Open The Gates For Health Care By Using These Simple Tips

Why are Americans so excited about health care reform? Statements such as “don’t touch my Medicare” or “everyone should have access to advanced health care irrespective of cost” are in my estimation uninformed and visceral responses that indicate a poor understanding of our health care system’s history, its current and future resources and the funding challenges that America faces going forward. Health Care Guide While we all wonder the way the health care system has reached what some make reference to as an emergency stage. Let’s try to take a few of the emotion out from the debate by briefly examining how health care in this country emerged and how that has formed our thinking and culture about healthcare. With that as a foundation let’s look at the advantages and disadvantages of the Obama administration healthcare reform proposals and let’s look at the concepts help with by the Republicans?

Access to state of the art health care services is something we are able to all agree would be a good thing because of this country. Experiencing a serious illness is among life’s major challenges also to face it without the methods to pay for it is positively frightening. But once we shall see, after we know the facts, we will discover that achieving this goal will not be easy without our individual contribution.

These are the themes I will touch on to make an effort to make some sense out of what’s happening to American healthcare and the steps we are able to personally try make things better.

A recently available history of American health care – what has driven the expenses so high?
Important elements of the Obama health care plan
The Republican view of healthcare – free market competition
Universal access to advanced healthcare – a worthy goal however, not easy to achieve
what can we do?
First, let’s get a little historical perspective on American healthcare. This is not intended to be an exhausted consider that history but it gives us an appreciation of the way the health care system and our expectations for this developed. What drove costs higher and higher?

To begin, let’s turn to the American civil war. In that war, dated tactics and the carnage inflicted by modern weapons of the era combined to cause ghastly results. Not generally known is that a lot of the deaths on both sides of this war were not the result of actual combat but from what happened following a battlefield wound was inflicted. In the first place, evacuation of the wounded moved at a snail’s pace and this caused severe delays in treating the wounded. Secondly, many wounds were subjected to wound care, related surgeries and/or amputations of the affected limbs which often led to the onset of massive infection. So you may survive a battle wound and then die as a result of health care providers who although well-intentioned, their interventions were often quite lethal. High death tolls can be ascribed to everyday sicknesses and diseases in a time when no antibiotics existed. In total something like 600,000 deaths occurred from all causes, over 2% of the U.S. population at that time!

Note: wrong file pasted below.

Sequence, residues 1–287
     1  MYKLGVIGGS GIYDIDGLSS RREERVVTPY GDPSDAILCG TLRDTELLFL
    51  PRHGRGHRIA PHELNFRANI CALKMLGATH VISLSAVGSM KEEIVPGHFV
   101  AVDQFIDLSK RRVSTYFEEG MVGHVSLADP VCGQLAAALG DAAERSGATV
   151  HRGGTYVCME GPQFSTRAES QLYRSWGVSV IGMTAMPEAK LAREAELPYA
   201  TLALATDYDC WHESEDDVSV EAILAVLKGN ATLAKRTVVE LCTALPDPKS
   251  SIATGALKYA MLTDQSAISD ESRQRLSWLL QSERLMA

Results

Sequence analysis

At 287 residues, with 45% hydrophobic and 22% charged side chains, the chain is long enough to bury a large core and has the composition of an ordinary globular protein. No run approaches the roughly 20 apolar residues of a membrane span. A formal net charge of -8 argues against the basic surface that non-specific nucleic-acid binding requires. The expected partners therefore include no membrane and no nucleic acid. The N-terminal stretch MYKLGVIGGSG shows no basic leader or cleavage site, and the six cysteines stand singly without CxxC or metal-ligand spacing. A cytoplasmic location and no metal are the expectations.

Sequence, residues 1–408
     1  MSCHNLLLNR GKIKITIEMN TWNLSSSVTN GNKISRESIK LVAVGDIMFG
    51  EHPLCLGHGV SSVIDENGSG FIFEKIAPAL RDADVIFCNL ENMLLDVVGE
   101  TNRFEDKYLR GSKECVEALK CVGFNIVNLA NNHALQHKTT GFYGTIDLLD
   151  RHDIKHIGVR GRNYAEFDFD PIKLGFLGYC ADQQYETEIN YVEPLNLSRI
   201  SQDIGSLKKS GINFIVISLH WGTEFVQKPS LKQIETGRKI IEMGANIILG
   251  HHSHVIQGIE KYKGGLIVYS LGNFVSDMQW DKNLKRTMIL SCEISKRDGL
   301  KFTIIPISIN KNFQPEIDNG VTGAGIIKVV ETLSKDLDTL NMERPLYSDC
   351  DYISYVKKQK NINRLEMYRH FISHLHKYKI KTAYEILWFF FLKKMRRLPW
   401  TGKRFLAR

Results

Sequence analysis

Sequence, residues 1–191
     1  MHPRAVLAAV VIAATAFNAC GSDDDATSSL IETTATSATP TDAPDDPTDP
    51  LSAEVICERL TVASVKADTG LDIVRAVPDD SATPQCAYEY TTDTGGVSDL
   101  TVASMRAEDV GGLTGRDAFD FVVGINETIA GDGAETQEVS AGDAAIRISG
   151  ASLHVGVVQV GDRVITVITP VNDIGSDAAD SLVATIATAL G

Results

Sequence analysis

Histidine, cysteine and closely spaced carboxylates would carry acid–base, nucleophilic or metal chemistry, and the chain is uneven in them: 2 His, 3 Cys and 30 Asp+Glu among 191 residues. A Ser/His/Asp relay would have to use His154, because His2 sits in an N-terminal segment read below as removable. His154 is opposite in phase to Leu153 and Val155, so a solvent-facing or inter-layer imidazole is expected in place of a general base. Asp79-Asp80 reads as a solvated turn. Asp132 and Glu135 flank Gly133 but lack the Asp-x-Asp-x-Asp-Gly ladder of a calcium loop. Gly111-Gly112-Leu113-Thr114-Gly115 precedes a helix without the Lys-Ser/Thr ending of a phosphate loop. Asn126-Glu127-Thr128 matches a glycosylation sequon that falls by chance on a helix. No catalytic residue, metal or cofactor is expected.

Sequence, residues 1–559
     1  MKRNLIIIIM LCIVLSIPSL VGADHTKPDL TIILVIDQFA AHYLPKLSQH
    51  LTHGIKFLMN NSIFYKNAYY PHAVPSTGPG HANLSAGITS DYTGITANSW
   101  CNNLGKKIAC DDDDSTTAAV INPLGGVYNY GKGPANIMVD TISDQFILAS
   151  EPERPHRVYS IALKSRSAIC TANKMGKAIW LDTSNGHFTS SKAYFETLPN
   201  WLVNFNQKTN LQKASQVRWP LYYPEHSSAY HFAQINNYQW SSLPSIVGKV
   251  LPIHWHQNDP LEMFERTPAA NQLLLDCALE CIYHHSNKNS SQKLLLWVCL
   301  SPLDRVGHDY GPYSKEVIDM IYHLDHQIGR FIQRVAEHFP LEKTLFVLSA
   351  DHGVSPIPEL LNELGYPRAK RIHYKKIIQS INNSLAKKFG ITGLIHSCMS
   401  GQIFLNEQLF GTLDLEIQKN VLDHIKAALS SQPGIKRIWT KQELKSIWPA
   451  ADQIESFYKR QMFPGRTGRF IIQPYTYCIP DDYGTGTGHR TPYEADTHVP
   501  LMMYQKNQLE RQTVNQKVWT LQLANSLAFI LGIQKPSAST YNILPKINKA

Let’s skip to the first 1 / 2 of the 20th century for some additional perspective and to bring us up to more modern times. Following the civil war there have been steady improvements in American medicine in both the understanding and treatment of certain diseases, new surgical techniques and in physician education and training. But for the most part the very best that doctors can offer their patients was a “wait and see” approach. Medicine could handle bone fractures and increasingly attempt risky surgeries (now largely performed in sterile surgical environments) but medicines weren’t yet available to handle serious illnesses. Nearly all deaths remained the result of untreatable conditions such as tuberculosis, pneumonia, scarlet fever and measles and/or related complications. Doctors were increasingly alert to heart and vascular conditions, and cancer however they had almost nothing with which to take care of these conditions.

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